Contributed Commentary by Jacky Qiu, OTI Lumionics
January 6, 2023 | Consumers are always looking for the latest and greatest electronics to improve their lives. Overall, there is a shift to OLED displays in devices such as monitors, tablets, laptops, TVs and smartphones. There have been an estimated 554 million smartphone units built this year with OLED screens. Building devices with these screens became standard practice some time ago. In fact, any iPhone 12 and newer has an OLED screen, apart from the iPhone SE.
OLED displays are desired for their impeccable color, image quality and thin, flexible screen capabilities. For example, gaming monitors become curved to give an immersive experience and clear color. The same notion can be applied to smartphones and laptops. We’re seeing foldable phones, rollable TVs, even advertising billboards and more. In many ways, OLEDs give consumers the next-generation technology they are looking for.
With great advancements, naturally there are downsides. Currently, OLEDs experience shortcomings in power consumption for displays. Before diving into them, we must first understand how an OLED display works.
In the simplest terms, OLED is a flat light-emitting technology. Because they are an emissive display, they do not require backlighting (which traditional LCDs do). OLEDs use self-illuminating pixels; because of this and because they do not require backlighting, OLEDs do not consume as much power as LCDs. They are optimized for what the industry calls “Perfect Black.” They can be more energy efficient when displaying darker images or using low levels of brightness.
Because OLEDs prefer darker images, they are less efficient at displaying white images. However, the white images an OLED can display are of higher quality and brightness, but in doing so, this requires more energy consumption than LCD. In the marketplace, for example, a laptop with an OLED display using high-white content like typical webpage browsing, Microsoft Office work, and more, will typically have a six-to-seven-hour battery life whereas a traditional LCD display will have a 10-to-11-hour battery life. This is something for consumers to consider when purchasing a new device.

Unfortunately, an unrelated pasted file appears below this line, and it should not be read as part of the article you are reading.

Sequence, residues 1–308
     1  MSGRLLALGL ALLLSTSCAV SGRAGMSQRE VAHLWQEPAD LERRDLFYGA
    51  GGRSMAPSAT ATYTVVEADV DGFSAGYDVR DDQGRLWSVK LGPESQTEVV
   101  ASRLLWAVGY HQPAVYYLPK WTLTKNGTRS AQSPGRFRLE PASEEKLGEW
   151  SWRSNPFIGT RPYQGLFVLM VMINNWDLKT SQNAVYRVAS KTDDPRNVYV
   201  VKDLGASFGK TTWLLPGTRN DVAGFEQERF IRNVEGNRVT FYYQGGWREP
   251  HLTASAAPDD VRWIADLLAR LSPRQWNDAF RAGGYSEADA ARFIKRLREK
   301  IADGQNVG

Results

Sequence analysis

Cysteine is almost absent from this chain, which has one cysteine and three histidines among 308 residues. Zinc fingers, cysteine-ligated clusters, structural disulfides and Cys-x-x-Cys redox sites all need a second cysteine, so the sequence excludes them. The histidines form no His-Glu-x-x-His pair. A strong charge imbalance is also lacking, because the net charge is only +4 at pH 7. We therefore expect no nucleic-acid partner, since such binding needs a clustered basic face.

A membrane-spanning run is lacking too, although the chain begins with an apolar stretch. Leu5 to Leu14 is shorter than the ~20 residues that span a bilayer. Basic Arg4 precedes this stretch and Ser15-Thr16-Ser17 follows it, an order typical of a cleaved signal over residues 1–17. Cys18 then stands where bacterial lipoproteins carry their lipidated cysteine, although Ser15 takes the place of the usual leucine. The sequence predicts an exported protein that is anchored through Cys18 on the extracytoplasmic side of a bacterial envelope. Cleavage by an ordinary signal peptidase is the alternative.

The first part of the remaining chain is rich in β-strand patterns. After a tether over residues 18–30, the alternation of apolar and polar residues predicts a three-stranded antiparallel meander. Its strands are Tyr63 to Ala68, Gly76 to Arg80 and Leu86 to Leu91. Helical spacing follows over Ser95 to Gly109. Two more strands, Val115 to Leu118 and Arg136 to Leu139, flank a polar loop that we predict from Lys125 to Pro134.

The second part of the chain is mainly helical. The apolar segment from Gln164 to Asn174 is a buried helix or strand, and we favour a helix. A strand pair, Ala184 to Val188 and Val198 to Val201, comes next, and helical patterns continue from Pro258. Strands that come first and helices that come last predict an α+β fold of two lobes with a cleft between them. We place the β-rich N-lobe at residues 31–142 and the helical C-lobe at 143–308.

A rare use case where an OLED screen has a better battery life than its counterpart is the Nintendo Switch OLED. Experts tested the original Nintendo gaming system and its new OLED console and found that the Nintendo Switch OLED had a battery life of five hours, beating its competitor by just twenty minutes. They suggest this is because the OLED offers better contrast due to deeper blacks and richer colors.
Leading manufacturers do want to bring quality OLED displays to larger forms such as tablets, laptops, monitors and TVs; however, should they decide to do this, they will need to make a trade-off: either increase the battery size, making devices heavier, which isn’t preferable; or implement efficient OLED displays improvements.
Experts are developing new improvements to solve this problem. They suggest a high-efficiency blue OLED will minimize the battery drainage. Blue phosphorescent OLEDs lead to higher efficiency with lower power consumption. The use of this gives higher brightness at the same power level. Achieving a high-efficiency blue will reduce other losses in the OLED displays and thus improve overall performance. For example, Universal Display Corporation’s phosphorescent blue is expected to be commercialized in 2024, so battery life may be improved sooner rather than later. When these achievements come to fruition, laptops, phones and tablets won’t require such heavy battery packs.
With scientists working to bring the best quality display that also gives us the best battery life and usage to our devices, the future is literally bright for our technology. Until then, to preserve battery life in an OLED device, it is suggested to keep it in a dark or dimly lit environment to help avoid needing a bright backlight, setting sleep modes on for monitors or TVs, or adjusting the contract or brightness settings on a smartphone.
Jacky Qiu, SVP and Co-founder of OTI Lumionics, received his M.ASc. degree from the University of Toronto. From 2011 to the present, he is a co-founder and the Senior Vice President at OTI Lumionics, where he engages in research and development, operations, and market development. He can be reached at firstname.lastname@example.org.